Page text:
Oil Futures Down as Stocks Retreat, USD Firms on Virus Scare

Liubov Georges
By  Liubov Georges , DTN Energy Reporter

WASHINGTON (DTN) -- With global equities on the retreat and the U.S. dollar strengthening, oil futures nearest delivery on the New York Mercantile Exchange and Intercontinental Exchange settled the last trading day of April sharply lower. Brent June expired at $67.25 barrel (bbl) following reports a "double-mutant" coronavirus variant first discovered in India has spread into parts of China, fueling concerns that a more transmittable virus could further undermine global demand recovery.

The B.1.617 strain, which contains two mutations of coronavirus, has been ripping through India in the past month, prompting local authorities to reimpose lockdowns in the nation's largest cities and states. Bloomberg estimates the latest surge could shave as much as 20% off India's oil demand this year. On Friday, Biden administration restricted all travel from India to the United States amid "extraordinary high COVID-19 caseload and multiple variants circulating in India."

Even more worrisome, the Chinese Center for Disease Control and Prevention confirmed this week the same variant had been found in "some Chinese cities," adding "implementing containment measures is key to stopping the spread of mutant strains, and also to prevent the occurrence of new mutations."

The potential for another lockdown in the world's largest oil consuming economy joined with additional curbs in international air travel sent oil prices sharply lower in afternoon trading Friday.

Earlier in the session, oil futures came under pressure from downbeat economic data out of the Eurozone, showing gross domestic product for the 19-nation bloc fell 0.6% in the first quarter. This marked the second consecutive quarter of falling GDP in the bloc, meaning the world's largest economy has now fallen into a technical recession.

Germany, the bloc's largest economy, shrank 1.7%, preceded only by Portugal and Latvia, down 3.3% and 2.6%, respectively.

In sharp contrast to Eurozone, U.S. economy is firing on all cylinders, primed by massive government spending and a rapid vaccine rollout. The real gross domestic product grew at a 6.4% annualized rate in the first quarter after expanding 4.2% in the final three months of 2020. The sharp increase was led by personal consumption -- by far the largest component of the U.S. economy, which spiked 10.7% in the first quarter. Business investment, the second largest component of GDP, also had a strong showing in the January- March period, up 9.9% from the previous quarter. Two components of GDP growth -- change in private inventories and net exports -- declined from the final months of 2020, weighing on first-quarter growth.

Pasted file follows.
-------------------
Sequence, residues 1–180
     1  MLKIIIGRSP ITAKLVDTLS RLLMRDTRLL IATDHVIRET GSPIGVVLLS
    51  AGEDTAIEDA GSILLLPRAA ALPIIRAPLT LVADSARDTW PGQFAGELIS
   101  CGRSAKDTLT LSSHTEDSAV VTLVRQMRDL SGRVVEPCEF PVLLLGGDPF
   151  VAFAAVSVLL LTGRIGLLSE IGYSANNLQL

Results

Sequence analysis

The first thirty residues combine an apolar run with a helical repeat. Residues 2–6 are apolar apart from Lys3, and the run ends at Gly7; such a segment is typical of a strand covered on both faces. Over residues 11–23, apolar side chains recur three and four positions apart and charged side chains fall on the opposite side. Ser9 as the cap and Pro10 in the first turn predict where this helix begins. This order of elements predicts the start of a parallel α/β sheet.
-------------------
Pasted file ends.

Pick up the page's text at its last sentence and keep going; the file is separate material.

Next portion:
The argument for a consumer-led boom was further strengthened Friday by data from the Bureau of Economic Analysis showing discretionary spending in the United States jumped 4.2% in March as most Americans received a third round of stimulus checks, and personal incomes soared a record 21.1%.

The personal consumption expenditure price index, the preferred measure of inflation at the Federal Reserve, rose 2.3% in March from a year earlier, the biggest jump in more than two years.

On the session, NYMEX June West Texas Intermediate futures fell $1.43 to $63.58 bbl and ICE June Brent futures expired $1.31 lower at $67.25 bbl. July ICE Brent futures fell $1.29 to settle at $66.76 bbl. NYMEX May ULSD futures dropped 4.03 cents or 2.05% to expire at $1.9211 gallon, with next-month delivery contact settling with a 0.13 cents premium. NYMEX May RBOB futures expired down 3.01 cents at $2.0698 gallon with the June contract shedding 2.75 cents for a $2.0763 gallon settlement.

Liubov Georges can be reached at liubov.georges@dtn.com

Liubov Georges